When I was in Texas, a couple of people asked me if I wanted to go to a shooting range and shoot some guns. I told them “for sure”. For a lot of reasons, I am not going to identify them in this blogpost. I will say I made lasting friends with them and really enjoyed getting to know them. It was very nice of them to take me to the range. It was even nicer for them to share their knowledge, expertise and experience with me.
To give you some background, I didn’t grow up with guns. My wife’s family all were raised knowing how to shoot. They are all excellent shots. My father in law was a master shot in all four shotgun gauges. More importantly, they were raised with an intense focus on gun safety. I find that families who own and respect firearms are very highly educated when it comes to gun safety.
I own two shotguns. I use them for hunting. They are in storage. I don’t need them in my apartment. If a bad person gets past the doorman, and onto my floor, and busts the lock on my door then it’s just going to be bad luck for me (or him if I get my hands on him : ).
That being said, I am an advocate for the Second Amendment. We have more killings and shootings in select neighborhoods of Chicago that it has become a war zone. I see no reason to prohibit people that live in those neighborhoods from deciding for themselves if they want to own a weapon to make them feel more secure. Most of the people in those neighborhoods are good people. Not everyone is a gang banger.
I also know that the 2nd Amendment wasn’t put in place because we were going to have Minutemen all over the place. It was put there so the populace could protect themselves from an over reaching government. The entire Constitution and Bill of Rights is there to protect individual liberty from government and the collective.
People in the military have a special kind of training that is very hard to duplicate. Your average person with no military background will not defend the country against invaders. But, they could protect themselves from their own government if it came to that.
I will tell you after shooting them, there is really no way possible to pull a “Rambo” like move. When I read citations of Medal of Honor recipients I have a brand new appreciation for what they did.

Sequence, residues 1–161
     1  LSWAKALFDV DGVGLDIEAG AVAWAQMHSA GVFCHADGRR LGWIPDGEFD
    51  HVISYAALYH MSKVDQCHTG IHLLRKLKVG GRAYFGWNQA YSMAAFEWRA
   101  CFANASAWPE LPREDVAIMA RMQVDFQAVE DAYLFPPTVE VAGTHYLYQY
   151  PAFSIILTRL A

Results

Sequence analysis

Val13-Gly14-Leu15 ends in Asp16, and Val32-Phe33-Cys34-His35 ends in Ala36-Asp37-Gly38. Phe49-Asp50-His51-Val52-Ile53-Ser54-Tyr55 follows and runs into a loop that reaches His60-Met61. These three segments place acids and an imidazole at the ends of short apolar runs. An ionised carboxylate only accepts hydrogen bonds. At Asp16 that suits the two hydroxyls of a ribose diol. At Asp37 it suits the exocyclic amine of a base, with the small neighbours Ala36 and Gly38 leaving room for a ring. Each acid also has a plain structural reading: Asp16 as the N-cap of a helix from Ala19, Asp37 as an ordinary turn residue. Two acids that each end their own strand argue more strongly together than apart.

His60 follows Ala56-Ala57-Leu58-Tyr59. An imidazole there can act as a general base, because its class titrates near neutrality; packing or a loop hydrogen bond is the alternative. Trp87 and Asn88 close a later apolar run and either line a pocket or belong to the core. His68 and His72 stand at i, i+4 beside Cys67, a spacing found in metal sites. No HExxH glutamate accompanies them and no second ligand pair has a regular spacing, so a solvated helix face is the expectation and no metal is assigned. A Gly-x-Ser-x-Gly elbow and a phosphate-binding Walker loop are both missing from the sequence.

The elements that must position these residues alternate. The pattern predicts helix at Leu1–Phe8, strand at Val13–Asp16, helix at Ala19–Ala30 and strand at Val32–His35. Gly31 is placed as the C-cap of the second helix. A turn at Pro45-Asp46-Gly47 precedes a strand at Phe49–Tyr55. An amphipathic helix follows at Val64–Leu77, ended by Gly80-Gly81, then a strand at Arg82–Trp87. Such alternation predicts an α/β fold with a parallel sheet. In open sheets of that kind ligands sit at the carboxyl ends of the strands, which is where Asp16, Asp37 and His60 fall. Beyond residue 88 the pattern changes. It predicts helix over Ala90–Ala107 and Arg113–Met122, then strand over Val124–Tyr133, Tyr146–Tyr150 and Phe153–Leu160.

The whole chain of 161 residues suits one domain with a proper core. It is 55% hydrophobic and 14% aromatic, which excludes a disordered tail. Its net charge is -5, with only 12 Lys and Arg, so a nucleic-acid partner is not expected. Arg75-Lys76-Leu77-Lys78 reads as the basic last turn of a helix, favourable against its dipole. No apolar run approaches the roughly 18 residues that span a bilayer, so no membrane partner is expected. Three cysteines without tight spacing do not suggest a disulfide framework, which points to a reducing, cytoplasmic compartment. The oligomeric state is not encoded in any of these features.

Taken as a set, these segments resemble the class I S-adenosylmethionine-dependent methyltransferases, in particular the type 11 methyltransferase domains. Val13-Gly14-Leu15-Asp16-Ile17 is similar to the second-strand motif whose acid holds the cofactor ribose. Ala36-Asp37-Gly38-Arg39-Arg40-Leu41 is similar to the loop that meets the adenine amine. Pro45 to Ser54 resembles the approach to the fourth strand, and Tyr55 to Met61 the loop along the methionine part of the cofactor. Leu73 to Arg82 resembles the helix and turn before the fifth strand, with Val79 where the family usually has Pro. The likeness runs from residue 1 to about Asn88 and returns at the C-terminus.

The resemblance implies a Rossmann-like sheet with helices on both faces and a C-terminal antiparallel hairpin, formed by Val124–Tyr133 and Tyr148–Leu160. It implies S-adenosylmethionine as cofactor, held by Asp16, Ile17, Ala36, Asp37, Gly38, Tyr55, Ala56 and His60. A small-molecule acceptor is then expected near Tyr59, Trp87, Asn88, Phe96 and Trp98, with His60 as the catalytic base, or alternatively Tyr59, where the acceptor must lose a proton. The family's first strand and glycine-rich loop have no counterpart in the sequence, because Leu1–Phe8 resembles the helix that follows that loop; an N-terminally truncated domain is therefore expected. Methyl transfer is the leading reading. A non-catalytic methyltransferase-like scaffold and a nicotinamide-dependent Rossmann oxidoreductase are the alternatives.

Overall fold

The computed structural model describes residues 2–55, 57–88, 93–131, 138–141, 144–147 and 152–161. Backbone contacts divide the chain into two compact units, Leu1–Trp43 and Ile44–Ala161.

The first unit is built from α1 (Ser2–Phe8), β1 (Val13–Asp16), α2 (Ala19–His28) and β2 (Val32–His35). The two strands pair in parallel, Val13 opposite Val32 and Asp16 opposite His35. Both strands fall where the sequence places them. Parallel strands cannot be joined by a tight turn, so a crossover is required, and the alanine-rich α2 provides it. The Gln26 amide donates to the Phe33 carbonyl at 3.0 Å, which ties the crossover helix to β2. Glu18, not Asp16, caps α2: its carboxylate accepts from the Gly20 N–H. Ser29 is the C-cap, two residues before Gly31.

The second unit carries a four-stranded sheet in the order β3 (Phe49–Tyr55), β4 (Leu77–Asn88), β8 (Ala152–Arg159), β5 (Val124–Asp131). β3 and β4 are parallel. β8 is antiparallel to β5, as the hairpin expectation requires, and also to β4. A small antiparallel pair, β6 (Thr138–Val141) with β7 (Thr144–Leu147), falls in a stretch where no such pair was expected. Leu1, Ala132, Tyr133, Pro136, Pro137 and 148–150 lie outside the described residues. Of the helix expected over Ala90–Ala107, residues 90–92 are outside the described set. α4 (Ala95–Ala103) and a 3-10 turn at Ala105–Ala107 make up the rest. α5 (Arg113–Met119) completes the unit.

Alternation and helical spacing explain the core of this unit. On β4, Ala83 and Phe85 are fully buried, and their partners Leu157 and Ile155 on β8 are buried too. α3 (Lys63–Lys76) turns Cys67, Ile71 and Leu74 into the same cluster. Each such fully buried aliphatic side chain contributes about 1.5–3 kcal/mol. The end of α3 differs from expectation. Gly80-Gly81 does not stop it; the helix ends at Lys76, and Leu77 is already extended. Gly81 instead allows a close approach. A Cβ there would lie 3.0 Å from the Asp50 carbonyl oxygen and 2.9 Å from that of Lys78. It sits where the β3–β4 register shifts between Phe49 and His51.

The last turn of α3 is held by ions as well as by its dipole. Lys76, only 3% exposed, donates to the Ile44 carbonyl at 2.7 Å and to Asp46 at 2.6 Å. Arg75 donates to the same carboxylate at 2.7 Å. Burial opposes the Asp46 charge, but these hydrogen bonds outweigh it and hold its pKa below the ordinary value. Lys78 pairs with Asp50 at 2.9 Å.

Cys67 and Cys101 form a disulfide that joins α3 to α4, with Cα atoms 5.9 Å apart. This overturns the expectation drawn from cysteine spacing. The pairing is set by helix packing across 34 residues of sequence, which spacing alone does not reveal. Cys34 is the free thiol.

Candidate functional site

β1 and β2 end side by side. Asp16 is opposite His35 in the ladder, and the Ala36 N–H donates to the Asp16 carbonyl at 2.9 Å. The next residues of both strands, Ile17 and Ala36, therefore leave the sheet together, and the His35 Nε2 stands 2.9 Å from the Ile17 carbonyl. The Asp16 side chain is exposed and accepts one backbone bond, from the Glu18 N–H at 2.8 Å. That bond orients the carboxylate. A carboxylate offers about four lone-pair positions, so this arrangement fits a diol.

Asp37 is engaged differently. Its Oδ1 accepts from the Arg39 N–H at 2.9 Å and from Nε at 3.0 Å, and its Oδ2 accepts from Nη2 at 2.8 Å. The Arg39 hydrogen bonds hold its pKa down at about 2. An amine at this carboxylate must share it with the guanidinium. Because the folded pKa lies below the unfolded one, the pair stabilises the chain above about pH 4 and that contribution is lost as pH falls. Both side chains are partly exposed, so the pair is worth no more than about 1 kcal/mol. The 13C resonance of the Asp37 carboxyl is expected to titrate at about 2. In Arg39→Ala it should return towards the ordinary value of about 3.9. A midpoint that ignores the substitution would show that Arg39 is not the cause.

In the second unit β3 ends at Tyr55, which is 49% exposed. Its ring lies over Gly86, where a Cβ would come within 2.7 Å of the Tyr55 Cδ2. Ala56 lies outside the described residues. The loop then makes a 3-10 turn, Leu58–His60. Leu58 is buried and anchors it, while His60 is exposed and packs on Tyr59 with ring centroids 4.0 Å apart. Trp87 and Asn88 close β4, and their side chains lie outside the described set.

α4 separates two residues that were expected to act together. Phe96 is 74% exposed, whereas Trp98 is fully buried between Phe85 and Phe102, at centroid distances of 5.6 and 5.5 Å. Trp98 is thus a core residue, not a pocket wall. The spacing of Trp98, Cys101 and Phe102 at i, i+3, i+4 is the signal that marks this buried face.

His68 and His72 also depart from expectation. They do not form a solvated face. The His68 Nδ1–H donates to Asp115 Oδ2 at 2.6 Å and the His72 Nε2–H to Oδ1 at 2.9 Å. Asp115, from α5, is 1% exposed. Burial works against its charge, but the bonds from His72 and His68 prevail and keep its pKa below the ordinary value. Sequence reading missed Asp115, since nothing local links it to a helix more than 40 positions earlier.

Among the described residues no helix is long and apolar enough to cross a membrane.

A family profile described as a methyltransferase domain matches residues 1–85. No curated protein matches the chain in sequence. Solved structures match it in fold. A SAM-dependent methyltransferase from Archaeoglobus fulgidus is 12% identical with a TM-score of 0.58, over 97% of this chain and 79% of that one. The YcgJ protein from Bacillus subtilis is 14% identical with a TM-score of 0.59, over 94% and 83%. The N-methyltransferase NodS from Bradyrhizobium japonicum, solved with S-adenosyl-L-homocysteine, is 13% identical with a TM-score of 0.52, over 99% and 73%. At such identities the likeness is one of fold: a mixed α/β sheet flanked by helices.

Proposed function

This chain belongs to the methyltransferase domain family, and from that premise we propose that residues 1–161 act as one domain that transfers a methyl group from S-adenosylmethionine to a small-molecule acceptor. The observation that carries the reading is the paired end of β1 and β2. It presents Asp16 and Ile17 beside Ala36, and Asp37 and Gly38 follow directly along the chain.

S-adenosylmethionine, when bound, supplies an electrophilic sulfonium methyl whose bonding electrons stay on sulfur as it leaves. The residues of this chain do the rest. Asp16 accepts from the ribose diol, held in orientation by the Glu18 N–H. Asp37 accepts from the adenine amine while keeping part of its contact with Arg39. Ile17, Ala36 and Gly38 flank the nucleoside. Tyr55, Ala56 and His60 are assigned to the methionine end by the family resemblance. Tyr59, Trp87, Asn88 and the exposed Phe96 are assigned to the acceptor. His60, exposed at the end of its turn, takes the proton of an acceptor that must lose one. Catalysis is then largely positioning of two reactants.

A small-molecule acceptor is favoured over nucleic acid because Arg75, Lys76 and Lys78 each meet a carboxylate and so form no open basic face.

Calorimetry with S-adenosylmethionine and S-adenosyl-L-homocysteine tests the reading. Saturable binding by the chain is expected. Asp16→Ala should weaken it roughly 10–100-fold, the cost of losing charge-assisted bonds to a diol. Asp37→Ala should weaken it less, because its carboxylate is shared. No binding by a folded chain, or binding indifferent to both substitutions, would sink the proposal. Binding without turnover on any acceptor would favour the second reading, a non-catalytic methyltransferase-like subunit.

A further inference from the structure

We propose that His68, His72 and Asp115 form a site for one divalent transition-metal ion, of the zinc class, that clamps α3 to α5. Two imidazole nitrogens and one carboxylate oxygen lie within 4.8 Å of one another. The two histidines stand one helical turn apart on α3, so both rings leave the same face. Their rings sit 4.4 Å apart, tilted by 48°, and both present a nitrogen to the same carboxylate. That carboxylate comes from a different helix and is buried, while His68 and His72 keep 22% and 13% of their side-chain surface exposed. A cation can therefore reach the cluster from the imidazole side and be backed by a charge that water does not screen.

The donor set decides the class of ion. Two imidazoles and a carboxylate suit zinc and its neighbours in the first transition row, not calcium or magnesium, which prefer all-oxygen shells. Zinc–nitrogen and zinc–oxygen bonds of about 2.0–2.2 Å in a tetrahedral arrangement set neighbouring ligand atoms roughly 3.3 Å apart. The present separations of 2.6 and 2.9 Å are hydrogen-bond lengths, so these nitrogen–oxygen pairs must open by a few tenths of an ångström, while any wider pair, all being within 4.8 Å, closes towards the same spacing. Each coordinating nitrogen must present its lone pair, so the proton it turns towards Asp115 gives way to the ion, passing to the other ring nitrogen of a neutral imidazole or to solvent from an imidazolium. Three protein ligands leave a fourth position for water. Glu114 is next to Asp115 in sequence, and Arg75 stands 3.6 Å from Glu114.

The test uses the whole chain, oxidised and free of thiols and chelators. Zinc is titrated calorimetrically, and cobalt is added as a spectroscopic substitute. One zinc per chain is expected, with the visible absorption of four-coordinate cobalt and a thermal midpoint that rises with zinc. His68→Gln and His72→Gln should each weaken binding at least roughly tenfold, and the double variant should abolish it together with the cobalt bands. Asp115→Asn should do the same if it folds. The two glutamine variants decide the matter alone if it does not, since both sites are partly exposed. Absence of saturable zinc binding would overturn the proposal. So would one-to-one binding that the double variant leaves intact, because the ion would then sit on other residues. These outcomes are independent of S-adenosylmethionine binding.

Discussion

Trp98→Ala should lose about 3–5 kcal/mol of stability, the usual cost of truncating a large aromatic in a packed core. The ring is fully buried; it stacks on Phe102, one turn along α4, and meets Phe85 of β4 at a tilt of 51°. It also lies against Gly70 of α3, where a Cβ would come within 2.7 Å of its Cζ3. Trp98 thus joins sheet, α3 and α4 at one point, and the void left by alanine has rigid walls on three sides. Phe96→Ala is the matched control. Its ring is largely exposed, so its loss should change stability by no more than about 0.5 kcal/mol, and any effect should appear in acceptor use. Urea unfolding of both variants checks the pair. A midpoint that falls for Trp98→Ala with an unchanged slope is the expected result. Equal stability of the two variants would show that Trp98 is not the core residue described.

I also had never shot a machine gun or any high powered weapon before. I wanted to learn about it. I had shot .38 pistols at USAFA-and I did poorly.
Here is an Instagram of some of the things we shot. If I were going to get a home defense weapon, that tan 12 gauge shotgun would be tops on my list. It takes at least 6 rounds, and is amazingly accurate and devastating.
The two people that took me to the range were highly experienced with weapons of all kinds. Both had served in the military. One had been a sniper. Both had seen very intense action on the battlefield. As a matter of fact, one of the weapons we used had the sight and trigger that one of them actually used.
Before we did anything, they explained the medical kit to me in case anything happened. Then we went over the rules of the range. Barrels always pointed down range and safety was always first. Here is a photo of me shooting a small machine gun.
Shooting this kind of weapon was a totally unexpected experience for me. First, I was surprised at the lack of recoil. The other thing I was surprised at was the amount of pressure it took to pull the trigger. The triggers on these weapons were not nearly as light as my shotguns. It took an active action to pull. Most people think triggers work like plastic dime store machine guns and that is simply not the case.
Machine guns are also not super accurate. They are designed to be more defensive, than offensive weapons. They lay down a field of fire and stop the enemy.
In the case of the one we shot (not pictured), there was an unbelievable laser sight on it. It was very very expensive. It made the gun a lot easier to line up and shoot. The other thing to remember is I had 2 experts instructing and watching me at all times. I think you would have to shoot hundreds and hundreds of rounds to be comfortable with it and really do some damage.